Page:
"We have asked our attorneys to appeal the decision," Bee Managing Editor Joe Demma said after the hearing.
A potential complication for the prosecution emerged when lead defense attorney Mark Geragos asked for the transcripts from all conferences surrounding the wiretaps.
Senior Deputy District Attorney Rick Distaso revealed that no court reporter was present during regular meetings between investigators, prosecutors and Judge Wray Ladine over the wiretaps.
In capital cases, state law requires all court proceedings and conferences "whether in open court, in conference in the courtroom, or in chambers" to be conducted with court reporters present.
Girolami heard arguments on a gag order under which attorneys and others connected with the case could be prohibited from talking with the media.
The judge did not betray which way he might be leaning on such an order, but he probed whether it would be feasible to allow Fresno massage therapist Amber Frey, who had a romantic relationship with Scott Peterson, to defend herself from possible character attacks.
Prosecutors argued for a partial gag, or an order that would restrict what attorneys, investigators and other principals could talk about in public.
Geragos and Kenyon said the judge should remind all attorneys of their professional obligations and leave it at that.
"I don't think a gag order is going to solve anything," Geragos said. He said such an order would prevent him or anyone else from calling journalists to set them straight on possible inaccurate reports.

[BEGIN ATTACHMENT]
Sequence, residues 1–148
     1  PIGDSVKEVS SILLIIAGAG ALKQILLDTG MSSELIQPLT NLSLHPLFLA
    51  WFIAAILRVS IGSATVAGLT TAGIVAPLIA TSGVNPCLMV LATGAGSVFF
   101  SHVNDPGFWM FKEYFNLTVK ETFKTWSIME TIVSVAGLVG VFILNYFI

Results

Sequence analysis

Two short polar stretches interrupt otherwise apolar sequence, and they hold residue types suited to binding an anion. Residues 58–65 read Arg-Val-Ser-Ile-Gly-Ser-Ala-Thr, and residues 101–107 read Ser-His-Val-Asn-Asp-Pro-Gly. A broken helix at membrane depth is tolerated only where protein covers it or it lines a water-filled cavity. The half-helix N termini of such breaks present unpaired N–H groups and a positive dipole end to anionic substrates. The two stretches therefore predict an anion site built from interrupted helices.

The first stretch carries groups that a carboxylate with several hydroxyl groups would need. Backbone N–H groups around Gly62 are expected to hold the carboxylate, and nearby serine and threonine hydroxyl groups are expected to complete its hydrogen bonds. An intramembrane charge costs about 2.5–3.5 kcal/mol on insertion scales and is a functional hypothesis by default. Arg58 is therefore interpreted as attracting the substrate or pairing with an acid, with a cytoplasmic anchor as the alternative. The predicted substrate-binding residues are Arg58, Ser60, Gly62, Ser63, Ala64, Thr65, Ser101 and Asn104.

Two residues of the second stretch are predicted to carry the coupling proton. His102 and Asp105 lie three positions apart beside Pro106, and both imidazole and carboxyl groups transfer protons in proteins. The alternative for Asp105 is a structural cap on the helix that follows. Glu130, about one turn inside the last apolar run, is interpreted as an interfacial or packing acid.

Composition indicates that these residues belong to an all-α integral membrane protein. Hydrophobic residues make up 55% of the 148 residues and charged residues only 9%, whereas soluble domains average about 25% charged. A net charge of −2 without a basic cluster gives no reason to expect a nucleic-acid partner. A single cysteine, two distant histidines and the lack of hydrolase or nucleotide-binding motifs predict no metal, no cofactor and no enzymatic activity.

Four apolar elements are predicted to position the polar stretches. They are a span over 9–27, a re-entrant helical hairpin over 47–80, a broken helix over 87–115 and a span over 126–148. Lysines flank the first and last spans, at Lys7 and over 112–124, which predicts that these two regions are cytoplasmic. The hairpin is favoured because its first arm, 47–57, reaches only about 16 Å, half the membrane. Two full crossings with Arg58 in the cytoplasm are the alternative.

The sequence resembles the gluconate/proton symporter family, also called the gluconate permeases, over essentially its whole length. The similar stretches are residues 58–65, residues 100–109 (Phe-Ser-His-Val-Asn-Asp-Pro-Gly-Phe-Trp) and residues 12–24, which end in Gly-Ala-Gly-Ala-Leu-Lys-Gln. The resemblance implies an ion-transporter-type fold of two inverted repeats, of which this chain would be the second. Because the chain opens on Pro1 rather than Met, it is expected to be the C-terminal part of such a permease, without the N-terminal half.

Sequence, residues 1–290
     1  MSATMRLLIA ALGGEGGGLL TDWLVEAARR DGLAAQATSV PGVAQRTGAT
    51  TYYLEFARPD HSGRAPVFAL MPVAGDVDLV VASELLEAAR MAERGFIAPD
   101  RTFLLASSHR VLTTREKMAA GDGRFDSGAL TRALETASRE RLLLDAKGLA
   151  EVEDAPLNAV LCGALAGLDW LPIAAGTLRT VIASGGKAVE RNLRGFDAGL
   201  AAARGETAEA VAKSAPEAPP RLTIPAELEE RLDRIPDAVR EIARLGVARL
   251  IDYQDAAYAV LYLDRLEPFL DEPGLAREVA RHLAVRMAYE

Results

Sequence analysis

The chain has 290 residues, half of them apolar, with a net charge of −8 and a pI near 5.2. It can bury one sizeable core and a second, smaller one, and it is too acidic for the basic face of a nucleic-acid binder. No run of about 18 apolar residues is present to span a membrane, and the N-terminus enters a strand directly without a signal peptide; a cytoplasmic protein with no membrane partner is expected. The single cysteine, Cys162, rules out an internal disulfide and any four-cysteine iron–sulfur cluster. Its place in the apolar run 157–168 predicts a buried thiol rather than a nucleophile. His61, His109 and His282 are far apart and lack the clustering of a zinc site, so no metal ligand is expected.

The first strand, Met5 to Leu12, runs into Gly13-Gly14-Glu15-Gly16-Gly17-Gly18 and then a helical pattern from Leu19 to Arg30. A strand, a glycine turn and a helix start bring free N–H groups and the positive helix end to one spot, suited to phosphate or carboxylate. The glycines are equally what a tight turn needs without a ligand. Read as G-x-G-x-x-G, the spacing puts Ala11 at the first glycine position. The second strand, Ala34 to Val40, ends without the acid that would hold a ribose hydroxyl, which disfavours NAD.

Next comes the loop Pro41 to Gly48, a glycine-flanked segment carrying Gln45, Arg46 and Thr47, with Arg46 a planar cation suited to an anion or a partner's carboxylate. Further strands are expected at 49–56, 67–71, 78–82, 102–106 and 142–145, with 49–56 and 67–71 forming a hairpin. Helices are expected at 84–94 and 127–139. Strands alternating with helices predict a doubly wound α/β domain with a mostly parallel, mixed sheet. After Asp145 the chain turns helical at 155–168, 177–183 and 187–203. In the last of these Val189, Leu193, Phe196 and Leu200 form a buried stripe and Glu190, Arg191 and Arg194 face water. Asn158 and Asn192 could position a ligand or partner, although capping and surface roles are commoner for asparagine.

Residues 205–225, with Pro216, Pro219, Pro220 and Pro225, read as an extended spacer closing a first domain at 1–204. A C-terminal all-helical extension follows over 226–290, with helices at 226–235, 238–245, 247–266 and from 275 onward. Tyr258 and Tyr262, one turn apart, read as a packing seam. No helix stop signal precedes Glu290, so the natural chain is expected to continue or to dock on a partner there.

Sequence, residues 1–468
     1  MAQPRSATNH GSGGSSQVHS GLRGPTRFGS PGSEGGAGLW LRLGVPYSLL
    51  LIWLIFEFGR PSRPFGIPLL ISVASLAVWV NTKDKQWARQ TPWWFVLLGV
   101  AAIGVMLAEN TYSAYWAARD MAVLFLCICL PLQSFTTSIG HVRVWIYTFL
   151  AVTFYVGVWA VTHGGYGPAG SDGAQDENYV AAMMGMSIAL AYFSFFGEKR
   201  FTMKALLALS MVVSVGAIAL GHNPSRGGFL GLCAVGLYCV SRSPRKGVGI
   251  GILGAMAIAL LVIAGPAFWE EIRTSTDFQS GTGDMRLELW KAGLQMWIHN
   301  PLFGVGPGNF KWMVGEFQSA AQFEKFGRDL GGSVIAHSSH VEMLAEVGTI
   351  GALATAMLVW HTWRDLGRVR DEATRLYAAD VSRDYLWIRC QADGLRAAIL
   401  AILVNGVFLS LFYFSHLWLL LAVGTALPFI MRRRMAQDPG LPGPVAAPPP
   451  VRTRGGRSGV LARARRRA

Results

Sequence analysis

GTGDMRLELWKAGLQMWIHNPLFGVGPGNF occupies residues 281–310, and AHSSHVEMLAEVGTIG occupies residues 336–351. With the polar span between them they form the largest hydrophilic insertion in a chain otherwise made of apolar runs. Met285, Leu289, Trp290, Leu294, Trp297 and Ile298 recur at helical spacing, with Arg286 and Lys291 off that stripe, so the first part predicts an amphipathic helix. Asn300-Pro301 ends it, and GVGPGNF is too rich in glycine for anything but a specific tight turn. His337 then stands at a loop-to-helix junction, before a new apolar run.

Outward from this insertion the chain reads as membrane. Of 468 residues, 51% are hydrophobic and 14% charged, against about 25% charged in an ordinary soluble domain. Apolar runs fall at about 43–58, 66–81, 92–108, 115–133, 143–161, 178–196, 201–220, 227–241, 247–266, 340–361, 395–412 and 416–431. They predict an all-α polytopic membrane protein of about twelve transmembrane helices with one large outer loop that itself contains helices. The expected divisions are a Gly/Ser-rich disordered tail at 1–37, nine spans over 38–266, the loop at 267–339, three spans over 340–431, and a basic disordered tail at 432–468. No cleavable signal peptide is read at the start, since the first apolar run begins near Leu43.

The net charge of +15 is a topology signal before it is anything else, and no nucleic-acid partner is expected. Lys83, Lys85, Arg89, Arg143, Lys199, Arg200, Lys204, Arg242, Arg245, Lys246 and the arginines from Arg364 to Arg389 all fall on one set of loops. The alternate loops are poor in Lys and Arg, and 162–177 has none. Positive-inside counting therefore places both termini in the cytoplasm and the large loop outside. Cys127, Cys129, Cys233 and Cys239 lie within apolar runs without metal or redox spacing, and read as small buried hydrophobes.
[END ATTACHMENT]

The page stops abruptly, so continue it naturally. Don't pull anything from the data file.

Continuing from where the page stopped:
Without good information, journalists would "fill the vacuum with disinformation," Geragos predicted.
Later Friday at the courthouse, another judge presumably reviewed evidence regarding what a defense attorney characterized as the "real killers."
The characterization came Tuesday as defense attorney Matthew Dalton argued against releasing pre-arrest search warrants, saying that their release could jeopardize their own investigation.
The documents are believed to outline at least part of the prosecution's case.
Prosecutors were seen entering a meeting with Geragos and another defense lawyer, Kirk McAllister, in a room near Judge Roger M. Beauchesne's chamber. The judge had agreed to review the defense claims.
Both sides refused to comment after the one-hour, closed-door meeting. Outside the courthouse, Geragos said only: "I'm just hopeful that sooner rather than later we can show that this prosecution of Scott is a great injustice."
Bee staff writer John Coté can be reached at 578-2394 or email@example.com.
Bee staff writer Garth Stapley can be reached at 578-2390 or firstname.lastname@example.org.
On Friday, Stanislaus County Superior Court Judge Al Girolami:
Declined public release of autopsy reports on Laci and Conner Peterson.
Authorized the Contra Costa County coroner's office to issue death certificates.
Ordered the lead wiretap investigator to turn over most recordings and other data to the prosecution and defense, except for calls involving journalists. Also, prosecutors are not allowed to hear the calls between Scott Peterson and his defense team.
Delayed a decision on a gag order, which could prohibit attorneys and other principals from talking with the media, or restrict public comment.